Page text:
Christine de Pizan (1364- c. 1430)
Art by April Babcock (tumblr)
Christine de Pizan is one of the best known writers of the medieval period, yet if not for circumstances beyond her control she might never have picked up a pen. The daughter of an Italian scientist at the court of Charles V of France, Christine was given a classical education before her marriage at the age of fifteen to a royal secretary named Etienne du Castel. When she was 25, her beloved husband died in an epidemic. As her father had already passed away, Christine found herself responsible for the care of not only herself and her two children, but also her mother and an orphaned niece.
Christine began writing love ballads that caught the attention of wealthy patrons who enjoyed both her poetry and the novelty of a female writer. Christine wrote hundreds of poems, many on commission for specific nobles, and this work allowed her to support her family and clear the debts left after her husband’s death.
Christine’s most famous work, The Book of the City of Ladies (1405), is an impassioned defense of women. It challenged misogyny by creating a symbolic city of righteous women. The women profiled include historical figures such as Zenobia and Sappho, pagan goddesses such as Isis and Minerva, women from the Hebrew Bible such as Deborah and the unnamed Woman of Valor (Proverbs 31), and Christian saints such as the Virgin Mary and St. Lucy. Christine’s book was a testimony to the accomplishments of women and argued for wider access to education for women.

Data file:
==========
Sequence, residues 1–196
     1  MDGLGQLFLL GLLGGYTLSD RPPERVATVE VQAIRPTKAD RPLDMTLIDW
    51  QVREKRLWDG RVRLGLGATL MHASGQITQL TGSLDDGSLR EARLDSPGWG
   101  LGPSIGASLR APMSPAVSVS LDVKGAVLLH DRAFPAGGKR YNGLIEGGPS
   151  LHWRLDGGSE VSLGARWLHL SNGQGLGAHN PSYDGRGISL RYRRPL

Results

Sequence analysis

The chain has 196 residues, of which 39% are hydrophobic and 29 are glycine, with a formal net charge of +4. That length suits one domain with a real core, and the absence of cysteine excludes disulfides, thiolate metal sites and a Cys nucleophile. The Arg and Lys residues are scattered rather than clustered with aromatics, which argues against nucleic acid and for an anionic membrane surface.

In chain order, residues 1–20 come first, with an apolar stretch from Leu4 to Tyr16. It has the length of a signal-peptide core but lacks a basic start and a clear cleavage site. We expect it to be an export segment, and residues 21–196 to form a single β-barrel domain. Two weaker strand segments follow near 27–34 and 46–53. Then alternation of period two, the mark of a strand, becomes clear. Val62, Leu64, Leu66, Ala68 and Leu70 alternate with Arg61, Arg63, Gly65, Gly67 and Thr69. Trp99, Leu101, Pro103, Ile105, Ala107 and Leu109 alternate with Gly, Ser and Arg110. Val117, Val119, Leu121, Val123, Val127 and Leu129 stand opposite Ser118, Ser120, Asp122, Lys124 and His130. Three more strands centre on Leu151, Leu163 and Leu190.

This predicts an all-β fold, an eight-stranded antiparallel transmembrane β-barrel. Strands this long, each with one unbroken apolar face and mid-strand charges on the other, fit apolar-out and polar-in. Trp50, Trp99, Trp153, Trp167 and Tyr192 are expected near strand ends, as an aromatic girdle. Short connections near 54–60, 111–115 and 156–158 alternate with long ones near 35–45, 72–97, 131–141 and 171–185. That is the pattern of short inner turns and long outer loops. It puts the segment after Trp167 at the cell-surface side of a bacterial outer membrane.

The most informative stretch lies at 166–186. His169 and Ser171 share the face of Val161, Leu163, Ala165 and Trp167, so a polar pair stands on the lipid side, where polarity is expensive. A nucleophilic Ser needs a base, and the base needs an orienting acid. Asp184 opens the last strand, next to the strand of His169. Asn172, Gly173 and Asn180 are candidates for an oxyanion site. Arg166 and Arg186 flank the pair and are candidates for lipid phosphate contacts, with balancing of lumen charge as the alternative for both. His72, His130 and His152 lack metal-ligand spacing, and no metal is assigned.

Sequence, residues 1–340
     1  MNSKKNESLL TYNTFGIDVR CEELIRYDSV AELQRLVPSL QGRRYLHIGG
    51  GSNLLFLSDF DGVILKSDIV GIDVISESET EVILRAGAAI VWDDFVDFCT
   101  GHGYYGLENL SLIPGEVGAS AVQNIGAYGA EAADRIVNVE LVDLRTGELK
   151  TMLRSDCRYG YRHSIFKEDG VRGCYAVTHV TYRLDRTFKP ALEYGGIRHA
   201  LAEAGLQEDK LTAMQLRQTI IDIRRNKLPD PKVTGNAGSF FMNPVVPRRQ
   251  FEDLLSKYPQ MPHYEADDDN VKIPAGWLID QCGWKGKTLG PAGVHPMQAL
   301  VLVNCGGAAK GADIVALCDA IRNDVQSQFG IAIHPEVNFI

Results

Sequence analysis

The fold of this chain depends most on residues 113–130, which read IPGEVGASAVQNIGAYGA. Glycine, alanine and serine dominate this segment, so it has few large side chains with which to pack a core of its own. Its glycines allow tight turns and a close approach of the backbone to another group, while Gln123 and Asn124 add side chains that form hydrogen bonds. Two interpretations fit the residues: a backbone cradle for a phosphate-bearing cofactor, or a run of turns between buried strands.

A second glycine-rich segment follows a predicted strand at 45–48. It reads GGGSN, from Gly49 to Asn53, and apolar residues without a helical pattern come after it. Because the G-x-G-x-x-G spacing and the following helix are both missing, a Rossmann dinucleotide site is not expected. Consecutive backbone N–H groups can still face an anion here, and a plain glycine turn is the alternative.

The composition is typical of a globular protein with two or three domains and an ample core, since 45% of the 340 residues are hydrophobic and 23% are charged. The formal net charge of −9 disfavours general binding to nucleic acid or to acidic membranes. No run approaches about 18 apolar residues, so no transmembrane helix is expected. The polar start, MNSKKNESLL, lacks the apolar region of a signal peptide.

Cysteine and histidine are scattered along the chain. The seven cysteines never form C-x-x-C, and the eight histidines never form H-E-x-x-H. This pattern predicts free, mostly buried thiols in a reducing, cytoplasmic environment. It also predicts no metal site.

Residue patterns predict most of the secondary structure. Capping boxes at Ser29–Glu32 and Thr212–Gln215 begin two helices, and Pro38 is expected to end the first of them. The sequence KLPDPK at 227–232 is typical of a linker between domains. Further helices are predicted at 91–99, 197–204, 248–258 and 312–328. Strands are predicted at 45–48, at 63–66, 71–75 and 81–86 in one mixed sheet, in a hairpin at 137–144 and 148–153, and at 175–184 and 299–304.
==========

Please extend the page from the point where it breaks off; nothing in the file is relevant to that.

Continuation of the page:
While The Book of the City of Ladies is primarily about female achievement, Christine also included an anti-rape message. As a character in the book, Christine says “I am therefore troubled and grieved when men argue that many women want to be raped and that it does not bother them at all to be raped by men even when they verbally protest…” Lady Rectitude, one of Christine’s guides in The Book of the City of Ladies, responds “Rest assured, dear friend, chaste ladies who live honestly take absolutely no pleasure in being raped. Indeed, rape is the greatest possible sorrow for them. Many upright women have demonstrated that this is true with their own credible examples…”
In 1418, Christine retired to a convent in Poissy. At the convent she wrote one final poem which she dedicated to Joan of Arc. It is the only known French language work about Joan of Arc written during Joan’s lifetime.